The holidays are traditionally a time for fun, family and celebrations. For many of us, that means indulging in food and drink that may be richer than we’re accustomed to consuming. We can, however, all benefit from a little fun. But the tangled relationships among food and drink and feelings of comfort and security can sometimes obscure what’s truly beneficial. To put it simply: overindulgence can result in increased inflammation, digestive issues and other health problems. And that’s definitely not good.
Don’t let the holidays derail your wellness journey. You deserve better. Here are some tips to help you stay focused on what really matters: looking, feeling and being your best.
Choose Anti-Inflammatory — Not Pro-Inflammatory — Foods
Certain foods help reduce inflammation, while others may have the opposite effect. Generally speaking, whole foods — including whole grains, legumes, fresh fruits and vegetables, fresh herbs, nuts, fish and extra virgin olive oil — contain nutrients that fight low-level inflammation in the body. Many of the major diseases afflicting Americans today are linked to ongoing inflammation. Examples include cardiovascular disease, type 2 diabetes, arthritis and even cancer.
Fresh fruits and vegetables, especially colorful ones, provide natural antioxidant compounds that help the body fight oxidative stress. Oxidative stress is a driving force behind much of the inflammation that plagues modern America. Whole plant foods help the body achieve and maintain balance by providing plenty of natural antioxidants and other beneficial nutrients.
Certain foods are especially good at fighting inflammation. For example, consider adding fresh ginger to your cuisine. Ginger contains potent natural anti-inflammatory compounds that combat nausea and quell inflammation. For a natural health and flavor boost, add fresh grated or dried ginger root to dishes ranging from sweet to savory.
Another simple change involves switching to extra virgin olive oil. Research suggests that olive oil contains constituents that make it a crucial component of the inflammation-fighting, health-promoting Mediterranean diet. Use olive oil as your primary fat source.
Boost Your Intake of Omega-3 Fatty Acids
Wild Alaskan salmon is an excellent food for the holidays. Wild salmon provides dual benefits: it’s rich in the potent natural antioxidant compound astaxanthin, and it provides essential omega-3 fatty acids. Astaxanthin is a pigment compound that puts the pink in pink flamingos and the red in sockeye salmon. Like most natural pigments, it’s a potent antioxidant with multiple potential benefits in the body.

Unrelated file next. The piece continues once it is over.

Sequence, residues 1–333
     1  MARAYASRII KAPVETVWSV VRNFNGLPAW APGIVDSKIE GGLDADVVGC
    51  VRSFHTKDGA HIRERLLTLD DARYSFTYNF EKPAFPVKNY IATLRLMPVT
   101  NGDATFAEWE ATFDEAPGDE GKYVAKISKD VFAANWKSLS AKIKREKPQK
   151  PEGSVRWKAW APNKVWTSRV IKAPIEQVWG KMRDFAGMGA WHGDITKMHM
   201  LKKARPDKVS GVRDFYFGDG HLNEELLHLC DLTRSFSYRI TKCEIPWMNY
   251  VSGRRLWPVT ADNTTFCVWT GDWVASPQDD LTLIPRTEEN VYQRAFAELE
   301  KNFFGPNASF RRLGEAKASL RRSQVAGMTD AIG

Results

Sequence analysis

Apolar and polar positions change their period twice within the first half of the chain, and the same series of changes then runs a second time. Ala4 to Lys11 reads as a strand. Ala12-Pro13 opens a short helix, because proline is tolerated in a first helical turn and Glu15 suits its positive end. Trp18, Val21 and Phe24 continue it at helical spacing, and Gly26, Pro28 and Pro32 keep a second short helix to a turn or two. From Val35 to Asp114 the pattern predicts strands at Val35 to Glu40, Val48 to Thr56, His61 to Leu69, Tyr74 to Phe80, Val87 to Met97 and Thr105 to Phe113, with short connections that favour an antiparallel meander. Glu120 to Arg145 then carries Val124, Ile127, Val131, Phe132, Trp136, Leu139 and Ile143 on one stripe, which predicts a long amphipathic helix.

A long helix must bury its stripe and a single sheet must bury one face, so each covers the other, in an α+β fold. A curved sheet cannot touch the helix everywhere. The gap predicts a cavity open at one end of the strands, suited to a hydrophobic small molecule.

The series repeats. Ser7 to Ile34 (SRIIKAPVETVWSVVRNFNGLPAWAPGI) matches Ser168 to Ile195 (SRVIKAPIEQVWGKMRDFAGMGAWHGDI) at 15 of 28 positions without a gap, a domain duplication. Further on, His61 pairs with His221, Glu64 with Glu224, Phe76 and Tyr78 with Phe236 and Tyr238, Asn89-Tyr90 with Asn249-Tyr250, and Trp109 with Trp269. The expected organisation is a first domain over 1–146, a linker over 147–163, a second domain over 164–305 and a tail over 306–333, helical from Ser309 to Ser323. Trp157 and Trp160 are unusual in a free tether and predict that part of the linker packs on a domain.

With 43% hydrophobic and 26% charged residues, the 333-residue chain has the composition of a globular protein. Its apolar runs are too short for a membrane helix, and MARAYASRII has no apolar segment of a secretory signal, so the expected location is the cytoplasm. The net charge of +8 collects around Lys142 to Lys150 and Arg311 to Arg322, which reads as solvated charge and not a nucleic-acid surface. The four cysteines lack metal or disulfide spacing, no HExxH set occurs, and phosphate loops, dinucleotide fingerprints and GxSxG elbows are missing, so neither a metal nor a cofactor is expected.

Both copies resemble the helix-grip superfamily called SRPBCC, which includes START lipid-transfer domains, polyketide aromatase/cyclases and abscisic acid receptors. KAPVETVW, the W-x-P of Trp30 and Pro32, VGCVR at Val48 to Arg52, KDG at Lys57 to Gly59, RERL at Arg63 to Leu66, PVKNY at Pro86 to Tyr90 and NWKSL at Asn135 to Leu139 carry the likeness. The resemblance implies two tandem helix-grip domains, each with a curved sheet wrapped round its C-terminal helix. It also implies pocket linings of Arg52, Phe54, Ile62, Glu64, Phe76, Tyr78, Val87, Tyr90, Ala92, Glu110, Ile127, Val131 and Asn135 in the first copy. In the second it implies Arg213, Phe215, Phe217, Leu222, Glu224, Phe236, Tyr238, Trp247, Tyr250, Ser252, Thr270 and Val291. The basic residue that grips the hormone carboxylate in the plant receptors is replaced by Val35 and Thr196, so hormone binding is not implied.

Omega-3 fatty acids are essential nutrients. By definition, your body must have these important compounds to function properly. You cannot manufacture them, so they must come from the diet. Although they are also essential, omega-6s are pro-inflammatory. Omega-3s are anti-inflammatory. Experts estimate we should consume these nutrients in roughly equal balance. Yet most Americans consume far too many omega-6s and too few omega-3s. Little wonder, then, that so many people struggle with inflammation-related illnesses.
Research shows that higher intakes of omega-3 fatty acids are linked to lower rates of depression, slower rates of age-associated cognitive decline, stronger immune system function and better cardiovascular health, among other benefits.
Avoid Inflammation-Promoting Foods
Choosing wellness-enhancing foods and eating in moderation are key. But for vibrant health it’s also important to avoid inflammation-promoting foods. Typical culprits include foods high in refined carbohydrates (sorry, but that includes most sugary holiday treats), “comfort” foods such as white mashed potatoes, white pasta and white flour, and anything that includes trans-fatty acids.
Sugar is typically linked to expressions of love in America. But sugar is a metaphorical wolf in sheep’s clothing. It’s precisely what your body doesn’t need. Do yourself a favor and cut back. At the very least, say “no thanks” to sugary soft drinks. They’re linked to a host of health problems, including greater risks of obesity, high blood pressure, kidney disease and diabetes. If that’s not bad enough, recent research suggests sugared sodas accelerate aging at the cellular level.
Trans fats are essentially toxic. They’ve been linked to an increased risk of cardiovascular disease, for example. Although food manufacturers have taken steps to voluntarily remove these synthetic fats from their products, trans fats still occur in certain packaged foods, including baked goods and products such as shelf-stable cake frostings. Avoid trans fats at all costs.
Winter weather is no excuse to stop moving. If anything, it’s more important than ever to remain physically active during the busy, overindulgent holiday season. Remember that exercise may take some time and energy, but it will leave you feeling more energetic — not less. It’s difficult to overstate the importance of routine daily exercise.
Being sedentary — meaning you spend a lot of time sitting — is emerging as an independent risk factor for a host of adverse health outcomes. Daily exercise is one way to combat the toxic effects of too much sitting. Try to find ways to incorporate more activity into your daily routine. Try parking farther from the front door. Consider taking the stairs rather than the elevator. Take brief standing/walking breaks if you work a desk job.
Even small changes can add up. House cleaning, for instance, can provide a respite from too much inactivity. Or get up and take a walk around the block. Research shows that anything you do to get up and move can help.
Rocco Loverro is the Public Relations Manager at Nava Health & Vitality Center. Rocco and his team focus on introducing their clients to a new side of total body wellness.